What It’s Like to Be a Polar Dive Guide
"Groans, squeaks, pops, cracks, creaks, crackles and bangs just softer than a gunshot. You can’t hear this anywhere else on the planet."
The cold makes me feel like I’ve been hit with a baseball bat when I backroll off the Zodiac. But that’s what I’m here for — when you’re diving the polar regions, you’re going to be cold. You have to accept it. You have to embrace it.
Quickly, the only part of me that’s exposed to the icy water — my face — goes numb, and I all I feel now is excitement.
I’ve been a diver since 1980 and a polar dive guide with Oceanwide Expeditions for seven years now, but it never fails to amaze me just how remarkable it is to see ice underwater.
It’s much more dynamic than most people imagine. It’s in a constant state of change, which it shows off in its sounds. Groans, squeaks, pops, cracks, creaks, crackles and bangs just softer than a gunshot. You can’t hear this anywhere else on the planet.
When ice moves across land to get to the sea, it picks up boulders, stones and grit. And when it reaches the ocean and starts to melt, those objects drop out. There’s also ice that’s melting beneath you when you dive these regions. Eventually, small chunks of ice break off, floating to the surface. These things can happen at any moment.
Boulders coming down, ice coming up — and then there are the birds, which can come from any direction.
In the North, around Svalbard and Greenland, the seabirds fly past you through the water, flapping their wings exactly as they do through air. The first time you see it, you think the cold has gone to your head. And then you realize they’re just searching for fish.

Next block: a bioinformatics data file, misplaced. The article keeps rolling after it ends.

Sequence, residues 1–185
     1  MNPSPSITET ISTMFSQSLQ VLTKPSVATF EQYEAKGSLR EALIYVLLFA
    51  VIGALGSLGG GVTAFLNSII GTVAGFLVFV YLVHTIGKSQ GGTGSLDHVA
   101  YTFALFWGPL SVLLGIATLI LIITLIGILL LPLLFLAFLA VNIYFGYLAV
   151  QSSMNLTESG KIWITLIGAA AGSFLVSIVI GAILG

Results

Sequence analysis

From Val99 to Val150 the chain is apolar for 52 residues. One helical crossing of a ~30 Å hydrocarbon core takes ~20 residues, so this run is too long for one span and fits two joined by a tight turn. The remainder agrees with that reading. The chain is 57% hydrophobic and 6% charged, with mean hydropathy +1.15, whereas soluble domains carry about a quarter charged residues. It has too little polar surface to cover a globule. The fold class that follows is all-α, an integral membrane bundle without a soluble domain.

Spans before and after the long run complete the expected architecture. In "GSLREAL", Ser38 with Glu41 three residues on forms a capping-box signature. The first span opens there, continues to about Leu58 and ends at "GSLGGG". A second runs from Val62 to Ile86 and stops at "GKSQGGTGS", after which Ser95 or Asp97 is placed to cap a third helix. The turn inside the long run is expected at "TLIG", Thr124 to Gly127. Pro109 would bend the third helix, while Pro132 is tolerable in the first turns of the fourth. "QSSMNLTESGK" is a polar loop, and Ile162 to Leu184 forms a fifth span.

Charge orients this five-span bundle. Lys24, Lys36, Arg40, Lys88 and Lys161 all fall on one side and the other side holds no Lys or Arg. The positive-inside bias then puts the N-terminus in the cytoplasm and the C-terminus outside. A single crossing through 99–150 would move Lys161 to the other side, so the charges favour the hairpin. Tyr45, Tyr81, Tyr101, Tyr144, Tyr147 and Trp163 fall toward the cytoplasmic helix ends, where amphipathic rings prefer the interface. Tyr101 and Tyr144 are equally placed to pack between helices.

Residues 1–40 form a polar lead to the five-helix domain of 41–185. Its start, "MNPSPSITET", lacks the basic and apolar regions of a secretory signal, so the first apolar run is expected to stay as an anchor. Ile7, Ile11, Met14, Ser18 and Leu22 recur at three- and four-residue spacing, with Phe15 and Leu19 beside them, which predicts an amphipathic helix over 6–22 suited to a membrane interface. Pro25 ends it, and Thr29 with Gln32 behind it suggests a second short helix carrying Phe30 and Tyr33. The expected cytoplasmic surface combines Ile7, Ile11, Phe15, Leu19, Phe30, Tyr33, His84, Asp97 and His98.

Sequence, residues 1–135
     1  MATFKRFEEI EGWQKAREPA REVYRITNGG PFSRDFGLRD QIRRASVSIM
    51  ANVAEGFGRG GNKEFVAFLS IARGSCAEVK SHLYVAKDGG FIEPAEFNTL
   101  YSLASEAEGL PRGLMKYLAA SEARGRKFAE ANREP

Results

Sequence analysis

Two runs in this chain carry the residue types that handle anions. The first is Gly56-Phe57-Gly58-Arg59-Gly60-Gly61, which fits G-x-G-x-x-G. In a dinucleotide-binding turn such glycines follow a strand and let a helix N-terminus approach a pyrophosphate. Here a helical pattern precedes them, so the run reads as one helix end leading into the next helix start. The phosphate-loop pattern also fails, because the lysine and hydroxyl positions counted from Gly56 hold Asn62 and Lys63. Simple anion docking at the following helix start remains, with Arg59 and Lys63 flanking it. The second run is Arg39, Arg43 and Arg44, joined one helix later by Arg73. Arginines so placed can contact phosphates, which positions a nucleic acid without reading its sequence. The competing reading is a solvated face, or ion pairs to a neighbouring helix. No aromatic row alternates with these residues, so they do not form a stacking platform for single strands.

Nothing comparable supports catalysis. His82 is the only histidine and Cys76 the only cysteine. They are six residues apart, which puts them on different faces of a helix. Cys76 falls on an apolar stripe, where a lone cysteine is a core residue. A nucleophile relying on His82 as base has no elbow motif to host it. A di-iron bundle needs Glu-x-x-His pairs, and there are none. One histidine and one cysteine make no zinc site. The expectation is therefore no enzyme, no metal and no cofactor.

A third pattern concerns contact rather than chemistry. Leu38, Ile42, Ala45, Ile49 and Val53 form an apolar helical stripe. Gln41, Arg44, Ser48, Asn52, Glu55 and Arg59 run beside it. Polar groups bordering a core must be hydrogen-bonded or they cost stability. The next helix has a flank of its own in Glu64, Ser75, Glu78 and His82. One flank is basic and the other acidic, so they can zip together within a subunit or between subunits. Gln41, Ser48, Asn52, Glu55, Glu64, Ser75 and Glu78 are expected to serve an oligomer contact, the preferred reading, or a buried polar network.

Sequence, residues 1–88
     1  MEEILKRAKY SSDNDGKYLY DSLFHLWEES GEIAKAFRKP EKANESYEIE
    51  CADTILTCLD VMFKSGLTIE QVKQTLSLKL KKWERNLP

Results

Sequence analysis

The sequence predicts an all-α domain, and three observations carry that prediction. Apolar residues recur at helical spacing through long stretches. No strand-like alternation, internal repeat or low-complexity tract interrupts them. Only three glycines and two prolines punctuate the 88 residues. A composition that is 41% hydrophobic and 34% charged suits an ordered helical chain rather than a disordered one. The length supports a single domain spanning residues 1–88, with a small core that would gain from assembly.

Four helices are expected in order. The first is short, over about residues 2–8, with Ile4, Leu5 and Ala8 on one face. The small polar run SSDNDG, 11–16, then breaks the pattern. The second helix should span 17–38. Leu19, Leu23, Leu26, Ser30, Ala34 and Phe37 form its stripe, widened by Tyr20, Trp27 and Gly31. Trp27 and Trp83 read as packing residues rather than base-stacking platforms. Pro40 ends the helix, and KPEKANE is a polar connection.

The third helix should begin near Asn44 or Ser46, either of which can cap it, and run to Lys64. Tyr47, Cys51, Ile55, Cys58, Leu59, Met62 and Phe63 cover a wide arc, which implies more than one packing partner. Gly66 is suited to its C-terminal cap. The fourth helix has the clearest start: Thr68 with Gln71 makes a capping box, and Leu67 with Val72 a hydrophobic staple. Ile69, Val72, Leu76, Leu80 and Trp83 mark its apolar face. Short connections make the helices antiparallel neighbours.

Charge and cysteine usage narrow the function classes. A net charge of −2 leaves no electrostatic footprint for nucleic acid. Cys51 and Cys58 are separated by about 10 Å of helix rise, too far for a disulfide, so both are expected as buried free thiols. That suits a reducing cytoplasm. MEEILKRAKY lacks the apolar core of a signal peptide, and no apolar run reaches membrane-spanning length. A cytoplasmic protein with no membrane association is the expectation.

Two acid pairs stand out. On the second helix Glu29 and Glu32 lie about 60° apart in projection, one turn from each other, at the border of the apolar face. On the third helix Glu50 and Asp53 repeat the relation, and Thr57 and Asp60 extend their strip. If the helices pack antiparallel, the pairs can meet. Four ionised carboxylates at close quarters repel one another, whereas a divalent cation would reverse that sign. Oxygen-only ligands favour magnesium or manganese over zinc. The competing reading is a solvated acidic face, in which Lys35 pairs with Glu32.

In the South, around the Antarctic Peninsula, South Georgia and Falkland Islands, the birds you see underwater are penguins. You hear the shoo, shoo of the water as they flap their wings, swimming around to make sure there are no leopard seals around before woosh, they rocket out of the water and onto the ice. Seals can also surprise you, how agile they are in the water.
A jellyfish moves through the polar water.
Sure, these seas have no brightly colored reef fish or manta rays or hammerheads. But from humpbacks in the South to sea spiders in the North, there are plenty of interesting encounters to be had.
The only animals we stay away from are polar bears and walruses. We have to be extra cautious out here, because if anything major goes wrong, it can take days to get to a medical facility for help.
Besides keeping a close watch on depth (no more than 50 to 65 feet) and time (40 minutes to an hour), we make sure everyone is keeping their body core warm. Dressing for the dive is an ordeal — full cotton long johns, a wool T-shirt, a ¾-inch-thick fleece undersuit, 5mm gloves and a drysuit for me. And of course, post-dive, we teach the guests how to safely warm up, shed their wet layers and share a nice warm beverage on the expedition vessel. (Hot chocolate’s the best.)
My first dive with Oceanwide was as a guest, and just going on a single expedition changed my outlook on the planet and the way I live. Everything is more intentional now that I’ve seen some of the most vulnerable ecosystems in the world.
It’s why I’ve kept coming back season after season for seven years and counting. I’ve traveled quite a bit in my life, but I haven’t been to many places where I’ve watched people go out into the cold and cry because of what they see.
Whether it’s topside, taking in a vista of giant sheets of ice, or underwater on a sunny day when the light shines through the ice like a stained-glass window, as a polar dive guide, I’ve seen that emotion many times from guests.
I hope it changes them the way it changed me, but if it doesn’t, at least they’ll have the memories of some spectacular dives.